YCombinator is one of the most famous accelerators and seed investors for early stage startups. It also has a free online program called Startup School that provides an online tracking tool, content and free formed group sessions for startups. I’ve been participating in YCombinator’s Startup School for over 5 months and have always found the content insightful (you might have noticed I link to it often in my blog) and the group sessions engaging and useful. So when I found out this year’s winter batch is all remote, deciding to apply was a no-brainer. Like Delton Caldwell says in one of the YCombinator’s videos about applying to the program - set yourself up to be lucky. What’s the worst that could happen? I already have a “no” in hand, why not open up the possibility of a “yes”?
Working on the application was beneficial all on its own. It forced me to give hard numbers, it forced me to give serious answers to questions I was hand waving till that point. It was actually the catalyst that finally got me to add real event tracking so I have better answers on how people are using my app. Which became a real shift in my startup. In fact, checking my MixPanel dashboard is now the first thing I do every morning (and afternoon, and evening). The application also required a 1 minute founders intro video. At first I was like - what… how on earth can you stuff meaningful enough content in only 1 minute?? It forced me to think of the most important aspects and be concise and I found out it is possible. I was very happy with the result, if you’re curious you can check out the video here.
Though I was happy with my application I knew chances of getting an interview invite are small in general and probably even smaller this year, with the remote option making it available for more people around the world. The night before results were published, at the end of October, I was nervous despite telling myself chances are low and I should not get my hopes up. The email started with “Thank you for applying to Y Combinator.” and my heart sank. It’s a no then. But the next sentence read “ Your application looks promising and we’d like to interview you via a video call.” OMG. I think I totally squealed as I read that.
The interview date was set to the beginning of December. Having to wait for over a month felt agonizing, but was probably good as it gave me time to prepare and gather more data from Mixpanel. In addition, a little like that super short intro video, the interview only lasts 10 minutes. Again I wondered how one can squeeze any amount of information into 10 minutes? and again I learned that 10 concise minutes can actually pack a decent amount of content.
The week before the interview I was so nervous, and having to self-isolate due to exposure to a confirmed covid patient made it even worse. The day came and my heart was pounding. The interview was set to 8pm my time so I had the whole day to fret. Honestly the wait is so much worse than the thing itself. I’m so glad I’ve been meditating for so long that I have that tool at hand. I also did a workout with my daughter and my mom (over zoom) and knitted a whole lot. I think I even fixed a bug - coding calms my nerves, I’m that type of a geek.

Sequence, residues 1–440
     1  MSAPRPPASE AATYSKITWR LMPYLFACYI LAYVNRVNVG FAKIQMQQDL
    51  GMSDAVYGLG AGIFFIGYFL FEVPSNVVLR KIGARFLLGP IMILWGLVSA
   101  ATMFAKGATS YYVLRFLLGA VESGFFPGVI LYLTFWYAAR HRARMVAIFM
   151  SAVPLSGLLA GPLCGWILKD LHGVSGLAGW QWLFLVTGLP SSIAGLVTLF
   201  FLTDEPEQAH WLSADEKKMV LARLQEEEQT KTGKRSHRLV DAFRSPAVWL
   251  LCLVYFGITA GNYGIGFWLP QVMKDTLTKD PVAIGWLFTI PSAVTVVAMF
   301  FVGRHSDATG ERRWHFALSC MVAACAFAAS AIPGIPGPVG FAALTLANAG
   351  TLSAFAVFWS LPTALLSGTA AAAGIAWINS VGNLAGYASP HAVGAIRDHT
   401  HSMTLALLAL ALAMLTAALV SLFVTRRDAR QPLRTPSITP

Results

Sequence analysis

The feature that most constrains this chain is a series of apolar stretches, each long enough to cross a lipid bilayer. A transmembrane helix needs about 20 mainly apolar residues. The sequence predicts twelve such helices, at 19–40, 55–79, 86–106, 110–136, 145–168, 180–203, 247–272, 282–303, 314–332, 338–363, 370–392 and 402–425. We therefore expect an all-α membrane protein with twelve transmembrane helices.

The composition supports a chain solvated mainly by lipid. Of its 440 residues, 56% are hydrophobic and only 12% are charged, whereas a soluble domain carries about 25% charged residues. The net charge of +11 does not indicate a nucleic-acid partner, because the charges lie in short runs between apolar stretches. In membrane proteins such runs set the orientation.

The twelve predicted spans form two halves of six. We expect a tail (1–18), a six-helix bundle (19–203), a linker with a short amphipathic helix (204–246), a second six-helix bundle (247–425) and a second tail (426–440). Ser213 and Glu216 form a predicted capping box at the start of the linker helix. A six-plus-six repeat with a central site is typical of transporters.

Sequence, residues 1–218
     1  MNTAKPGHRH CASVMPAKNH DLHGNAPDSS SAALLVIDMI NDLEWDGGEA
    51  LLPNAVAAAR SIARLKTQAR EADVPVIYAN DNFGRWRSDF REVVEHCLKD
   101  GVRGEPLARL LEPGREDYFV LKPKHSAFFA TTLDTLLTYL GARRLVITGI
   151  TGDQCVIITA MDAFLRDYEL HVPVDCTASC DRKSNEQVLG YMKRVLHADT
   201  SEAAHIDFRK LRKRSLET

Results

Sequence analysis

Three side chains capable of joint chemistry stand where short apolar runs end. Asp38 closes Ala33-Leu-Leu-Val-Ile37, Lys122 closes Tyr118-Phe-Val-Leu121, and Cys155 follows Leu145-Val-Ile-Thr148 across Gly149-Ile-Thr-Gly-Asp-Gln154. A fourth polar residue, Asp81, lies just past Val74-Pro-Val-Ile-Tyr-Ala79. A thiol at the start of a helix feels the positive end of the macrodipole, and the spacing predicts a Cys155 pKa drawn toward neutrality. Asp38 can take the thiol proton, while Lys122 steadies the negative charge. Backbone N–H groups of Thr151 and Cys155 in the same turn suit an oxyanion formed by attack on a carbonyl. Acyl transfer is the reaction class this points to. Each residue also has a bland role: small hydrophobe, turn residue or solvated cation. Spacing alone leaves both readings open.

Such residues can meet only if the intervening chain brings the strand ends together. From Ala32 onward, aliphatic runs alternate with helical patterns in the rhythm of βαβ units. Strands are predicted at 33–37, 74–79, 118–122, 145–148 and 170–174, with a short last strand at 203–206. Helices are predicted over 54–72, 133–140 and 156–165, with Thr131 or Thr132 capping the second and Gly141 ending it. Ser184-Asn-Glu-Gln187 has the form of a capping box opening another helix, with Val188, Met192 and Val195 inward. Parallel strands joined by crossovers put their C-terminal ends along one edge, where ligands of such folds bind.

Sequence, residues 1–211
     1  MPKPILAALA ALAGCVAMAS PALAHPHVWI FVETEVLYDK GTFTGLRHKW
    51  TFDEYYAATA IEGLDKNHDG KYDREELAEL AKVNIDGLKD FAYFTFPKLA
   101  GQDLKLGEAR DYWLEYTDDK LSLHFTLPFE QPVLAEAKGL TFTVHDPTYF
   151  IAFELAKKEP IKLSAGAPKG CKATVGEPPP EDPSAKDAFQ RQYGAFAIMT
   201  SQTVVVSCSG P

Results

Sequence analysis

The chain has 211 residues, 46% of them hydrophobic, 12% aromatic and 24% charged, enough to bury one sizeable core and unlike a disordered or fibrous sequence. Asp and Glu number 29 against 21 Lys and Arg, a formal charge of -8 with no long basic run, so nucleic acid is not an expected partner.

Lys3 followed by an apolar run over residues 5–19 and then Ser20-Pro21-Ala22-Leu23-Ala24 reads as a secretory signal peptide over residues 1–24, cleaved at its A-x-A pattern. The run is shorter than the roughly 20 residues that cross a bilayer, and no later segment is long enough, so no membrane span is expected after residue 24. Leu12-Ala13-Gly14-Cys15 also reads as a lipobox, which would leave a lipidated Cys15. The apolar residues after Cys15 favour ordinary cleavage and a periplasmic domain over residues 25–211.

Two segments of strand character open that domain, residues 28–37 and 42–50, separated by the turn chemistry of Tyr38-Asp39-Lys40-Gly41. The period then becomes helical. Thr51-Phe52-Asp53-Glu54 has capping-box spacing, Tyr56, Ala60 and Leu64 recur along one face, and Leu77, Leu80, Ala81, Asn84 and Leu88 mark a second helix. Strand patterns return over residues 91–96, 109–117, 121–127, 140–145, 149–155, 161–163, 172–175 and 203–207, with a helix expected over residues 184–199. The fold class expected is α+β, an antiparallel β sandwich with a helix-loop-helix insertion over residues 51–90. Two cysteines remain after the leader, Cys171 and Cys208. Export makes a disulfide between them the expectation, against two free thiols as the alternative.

Then the interview finally started. There were 4 other people on the call, but Geoff Ralston was the one asking most of the questions. They were all very polite and nice, the atmosphere was positive but I knew I didn’t do well. When I finished the call I knew I didn’t pass.
The interesting part most prep advice didn’t mention was that all these common interview questions you can find online only take you so far. The real questions are going to be specific to your startup. They are the ones you can’t really prepare for (but you should know of the top of your head given it is your startup).
The next morning I woke up at 5am waiting for that rejection email. It arrived at 6:20am and again was very kind and contained specific information on why they chose not to invest in ParentScheduler in this batch. I already knew from the interview I was not able to convince them the pain I am solving is big enough. Based on my current numbers I was not able to convince them I can reach enough people and generate enough revenue. I might apply again for the next batch if I can show a significant increase that can demonstrate the real potential here.
When the interview ended I was a bit devastated I admit. I thought maybe I got it all wrong. When people with so much experience don’t think it’s a great idea, shouldn’t I reconsider? But then I remembered a thing that happened when I was getting my master degree. When I started working on my thesis I felt professor Hans Peter Pfister was the best choice to be my advisor. When I said that to the person respobsible for helping students form a research question and find an advisor, he told me I don’t stand a chance to get Professor Pfister as my advisor since he is incredibly famous and well sought out. And I imagine sitting across from this person with my 5 month pregnancy belly didn’t help either ;). But even though this person helped hundreds of students in his years performing this role, all I thought was - well, he doesn’t know me and there is no harm in trying. Long story short - professor Pfister was my thesis advisor.
I appreciate YCombinator for the experience and for the honest feedback. And I don’t know if I will succeed. And I don’t know if this will work. But I’m not ready to give up yet.